Last weekend, the Organic Field School hosted its annual fundraiser at Kitchen in the Market, at Midtown Global Market. The organization is the nonprofit arm of the Wedge Co-op's organic farming program Gardens of Eagan. The Organic Field School offers educational programs and assistance to farmers while promoting the benefits of sustainable and organic farming methods to the public.
The event gave the public face time with several of the Twin Cities' premier organic farmers, including the ladies of Bossy Acres, Humble Pie, Fazenda Boa Terra, and Loon Organics. The fundraiser also featured a wide variety of local food products, including food from Foxy Falafel, Chow Girls Catering, and Froz Bros craft ice cream. Craft beers courtesy of local brewer Tallgrass Brewing were available, as were Joia Soda and wines from Stark Wines.
A raffle was held to help raise additional funds for the Organic Field School. Prizes included things like a mini-CSA share from Bossy Acres and an entire organic Thanksgiving dinner for eight.
Also in attendance were several of the Parasole group's chefs. They cooked up a variety of samples, including a Wild Acres turkey burger, and provided cooking demos.
Gardens of Eagan provides plots of organically certified land to young people who are looking to establish themselves in the world of farming. The rental farmland also comes with a variety of equipment that most young farmers can't afford in the early stages of their careers. The rental plots vary in size from half an acre to eight acres. This is commonly referred to as an incubator farm program, a system that is becoming more and more popular as a younger generation discovers the world of farming.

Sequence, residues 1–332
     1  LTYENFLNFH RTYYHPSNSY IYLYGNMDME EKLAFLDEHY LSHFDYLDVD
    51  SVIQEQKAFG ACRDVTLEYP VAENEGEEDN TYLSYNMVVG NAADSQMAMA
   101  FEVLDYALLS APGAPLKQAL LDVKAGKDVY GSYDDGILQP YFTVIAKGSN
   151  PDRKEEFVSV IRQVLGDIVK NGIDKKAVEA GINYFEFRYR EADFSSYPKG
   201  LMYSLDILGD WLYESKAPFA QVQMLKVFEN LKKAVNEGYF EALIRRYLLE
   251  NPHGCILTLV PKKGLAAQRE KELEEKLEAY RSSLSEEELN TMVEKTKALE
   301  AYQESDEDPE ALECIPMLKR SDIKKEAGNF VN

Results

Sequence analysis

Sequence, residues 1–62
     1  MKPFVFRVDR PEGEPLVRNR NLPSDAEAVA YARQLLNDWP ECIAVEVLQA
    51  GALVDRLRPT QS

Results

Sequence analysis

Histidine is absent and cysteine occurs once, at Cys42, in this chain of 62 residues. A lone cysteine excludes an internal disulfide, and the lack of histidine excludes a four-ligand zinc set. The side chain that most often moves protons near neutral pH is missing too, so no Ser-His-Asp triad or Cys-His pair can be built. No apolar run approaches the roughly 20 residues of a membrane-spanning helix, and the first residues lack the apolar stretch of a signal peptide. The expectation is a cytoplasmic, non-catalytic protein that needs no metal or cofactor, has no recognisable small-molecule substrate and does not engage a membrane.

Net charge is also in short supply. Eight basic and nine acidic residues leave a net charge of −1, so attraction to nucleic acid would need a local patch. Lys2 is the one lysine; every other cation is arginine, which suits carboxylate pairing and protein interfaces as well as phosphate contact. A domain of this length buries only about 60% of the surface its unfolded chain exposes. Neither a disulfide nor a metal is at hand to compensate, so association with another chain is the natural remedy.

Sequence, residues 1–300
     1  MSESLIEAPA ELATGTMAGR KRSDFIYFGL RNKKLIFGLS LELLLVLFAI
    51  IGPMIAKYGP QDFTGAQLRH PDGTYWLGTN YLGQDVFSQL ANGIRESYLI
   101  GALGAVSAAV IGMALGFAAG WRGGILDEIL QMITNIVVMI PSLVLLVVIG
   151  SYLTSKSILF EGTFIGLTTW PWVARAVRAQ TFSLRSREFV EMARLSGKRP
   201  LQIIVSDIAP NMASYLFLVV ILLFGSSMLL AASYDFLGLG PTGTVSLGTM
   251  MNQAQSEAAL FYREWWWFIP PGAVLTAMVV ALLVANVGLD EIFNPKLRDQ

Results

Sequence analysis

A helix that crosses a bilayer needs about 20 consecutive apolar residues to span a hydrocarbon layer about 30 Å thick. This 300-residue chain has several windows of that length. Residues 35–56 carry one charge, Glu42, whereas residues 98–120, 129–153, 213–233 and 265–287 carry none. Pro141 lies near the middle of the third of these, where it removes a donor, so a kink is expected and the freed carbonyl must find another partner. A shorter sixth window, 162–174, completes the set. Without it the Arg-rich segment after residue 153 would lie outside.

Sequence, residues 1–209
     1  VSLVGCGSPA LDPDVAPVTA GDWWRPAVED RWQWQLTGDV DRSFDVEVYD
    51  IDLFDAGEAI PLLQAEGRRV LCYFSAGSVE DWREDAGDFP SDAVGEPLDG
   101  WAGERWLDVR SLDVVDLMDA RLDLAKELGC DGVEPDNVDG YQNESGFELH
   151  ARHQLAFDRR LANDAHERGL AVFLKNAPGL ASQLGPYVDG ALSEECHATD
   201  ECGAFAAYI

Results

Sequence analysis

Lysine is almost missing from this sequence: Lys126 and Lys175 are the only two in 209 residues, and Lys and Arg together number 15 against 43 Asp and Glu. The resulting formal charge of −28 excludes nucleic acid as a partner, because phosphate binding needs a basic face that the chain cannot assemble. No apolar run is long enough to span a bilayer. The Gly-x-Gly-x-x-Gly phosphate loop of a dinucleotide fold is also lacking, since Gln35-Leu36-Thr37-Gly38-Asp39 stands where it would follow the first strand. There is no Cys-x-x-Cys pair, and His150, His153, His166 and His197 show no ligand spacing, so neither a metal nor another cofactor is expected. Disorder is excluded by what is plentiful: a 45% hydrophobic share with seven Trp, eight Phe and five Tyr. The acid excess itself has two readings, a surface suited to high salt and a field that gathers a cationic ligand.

In addition to the land and equipment, Gardens of Eagan also offers educational programs through the Organic Field School, including classes on farm finance and basic marketing principles. The folks at Bossy Acres will be teaching a class in the spring on how farmers can benefit from social media.
We spoke with Bossy Acres' Karla Pankow (also known around town as Bossy K) about why programs like these are so important.
"Being part of an incubator farm basically puts all of the tools and infrastructure under one umbrella of support. For example, this past year we rented everything separately. We rented a greenhouse over in St. Paul, we rented land over near Rogers, and we didn't have a cooler, we didn't have a pack shed. You know, you're just kind of piecing it all together. An incubator program helps you bring all of that together."